One man died as thousands of firefighters -- including hundreds of reinforcements -- battled dozens of fires burning out of control across southeastern Australia yesterday, some of them fanned by winds of up to 100kph.
A thick smoke haze hung over Sydney as several large fires burned out of control in heavily wooded and inaccessible areas on the northern and western outskirts of Australia's largest city.
"Today is going to be a difficult day. The next two to three weeks are going to be fairly intensive in terms of attempting to contain these fires," New South Wales Rural Fire Service (RFS) Commissioner Phil Koperberg told reporters.
One fire in inaccessible bushland in the Blue Mountains just west of Sydney had burnt out more than 20,000 hectares since it began 10 days ago. Koperberg said the blaze was "making a run" as it was fanned by high winds.
About 600 firefighters were battling the blaze, which had broken containment lines and could threaten townships, officials said. Of 66 fires in New South Wales, at least 11 were causing major concern, they said.
In January 2004, the deadliest bushfires in 22 years killed nine people and injured dozens in South Australia.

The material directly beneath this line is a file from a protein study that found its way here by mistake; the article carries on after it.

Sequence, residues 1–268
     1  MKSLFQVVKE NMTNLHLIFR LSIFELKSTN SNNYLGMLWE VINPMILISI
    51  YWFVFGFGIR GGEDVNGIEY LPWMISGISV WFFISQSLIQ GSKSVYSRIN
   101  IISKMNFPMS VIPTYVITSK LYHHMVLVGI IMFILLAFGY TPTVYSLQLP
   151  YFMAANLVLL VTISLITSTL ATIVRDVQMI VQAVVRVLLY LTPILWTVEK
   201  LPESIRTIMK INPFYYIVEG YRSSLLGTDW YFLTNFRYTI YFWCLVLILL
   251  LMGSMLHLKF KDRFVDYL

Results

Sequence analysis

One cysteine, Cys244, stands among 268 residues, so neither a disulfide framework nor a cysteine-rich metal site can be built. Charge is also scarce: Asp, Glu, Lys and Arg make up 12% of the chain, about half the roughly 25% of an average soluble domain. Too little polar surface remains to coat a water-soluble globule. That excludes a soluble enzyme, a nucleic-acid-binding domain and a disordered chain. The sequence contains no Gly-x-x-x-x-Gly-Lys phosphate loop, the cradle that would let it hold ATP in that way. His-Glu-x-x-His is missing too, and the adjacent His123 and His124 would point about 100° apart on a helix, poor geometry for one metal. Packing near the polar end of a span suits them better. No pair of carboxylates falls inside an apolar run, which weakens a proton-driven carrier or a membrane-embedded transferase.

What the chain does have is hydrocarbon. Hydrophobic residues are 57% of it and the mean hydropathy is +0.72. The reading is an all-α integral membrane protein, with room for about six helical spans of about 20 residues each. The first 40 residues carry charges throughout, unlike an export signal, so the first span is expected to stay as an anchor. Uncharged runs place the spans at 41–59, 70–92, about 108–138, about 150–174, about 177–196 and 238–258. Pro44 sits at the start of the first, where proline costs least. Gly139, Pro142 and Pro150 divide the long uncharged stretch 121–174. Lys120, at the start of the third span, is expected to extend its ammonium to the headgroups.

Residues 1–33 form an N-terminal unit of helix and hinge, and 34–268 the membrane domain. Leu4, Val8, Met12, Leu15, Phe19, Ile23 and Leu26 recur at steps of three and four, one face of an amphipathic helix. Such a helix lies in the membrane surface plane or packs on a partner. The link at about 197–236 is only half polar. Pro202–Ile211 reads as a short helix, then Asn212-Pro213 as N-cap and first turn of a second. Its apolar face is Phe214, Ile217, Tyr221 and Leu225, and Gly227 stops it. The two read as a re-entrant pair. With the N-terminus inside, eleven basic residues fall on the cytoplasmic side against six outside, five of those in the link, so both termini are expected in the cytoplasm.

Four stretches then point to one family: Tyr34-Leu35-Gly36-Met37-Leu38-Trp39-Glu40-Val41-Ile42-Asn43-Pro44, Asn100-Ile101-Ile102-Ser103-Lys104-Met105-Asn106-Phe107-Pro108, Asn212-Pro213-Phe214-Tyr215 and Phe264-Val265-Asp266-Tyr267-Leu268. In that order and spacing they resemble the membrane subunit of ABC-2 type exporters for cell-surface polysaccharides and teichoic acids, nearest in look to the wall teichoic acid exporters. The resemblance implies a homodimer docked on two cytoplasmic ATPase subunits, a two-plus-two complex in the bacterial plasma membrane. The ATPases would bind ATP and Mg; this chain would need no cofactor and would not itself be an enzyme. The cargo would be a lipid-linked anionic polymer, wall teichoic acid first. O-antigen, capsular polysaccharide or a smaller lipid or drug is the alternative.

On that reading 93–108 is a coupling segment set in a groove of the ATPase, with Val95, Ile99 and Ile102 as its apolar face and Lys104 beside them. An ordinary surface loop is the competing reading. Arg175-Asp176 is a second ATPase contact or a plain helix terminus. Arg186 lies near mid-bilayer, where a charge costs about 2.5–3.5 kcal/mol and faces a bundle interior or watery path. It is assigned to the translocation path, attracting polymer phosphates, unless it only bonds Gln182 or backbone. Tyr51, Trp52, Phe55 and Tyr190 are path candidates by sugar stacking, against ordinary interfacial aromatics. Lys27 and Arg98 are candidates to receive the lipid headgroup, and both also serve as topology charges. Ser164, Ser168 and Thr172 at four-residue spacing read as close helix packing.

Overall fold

Four people were killed and 530 homes destroyed in Canberra in 2003. That same year, bushfires fueled by drought ravaged a slice of Australia three times the size of Britain.
Firefighters have already warned that Australia was facing an extreme fire danger this summer after a worsening drought left rural areas bone dry and scientists fear that climate change will bring more frequent higher temperatures and less rainfall.
Police said they had found the body of an elderly man tangled in a wire fence near the township of Nelligen, about 200km south of Sydney, late on Tuesday after a small grassfire not related to the major blazes broke out.
Koperberg said the man might have accidentally lit the fire while using a smoke device to tend beehives.
"In his attempt to suppress this fire with buckets of water, he may have become entangled in a barbed wire fence and tragically lost his life as the grassfire overtook him," he said.
RFS spokesman Cameron Wade said smoke plumes from the Grose Valley fire in the Blue Mountains were reaching over 13,120m into the air.
"It's creating it's own weather pattern at the moment, which is a concern to us. We're certainly seeing some very erratic fire behavior simply because of the amount of heat that's coming out of that area," Wade told Sky TV.
Other major fires were burning near Orange and Molong and in the Hunter Valley, north of Sydney.
Milder weather had helped firefighters contain several fires in the southwest of Victoria State while about 15 fires were still burning in South Australia, officials said.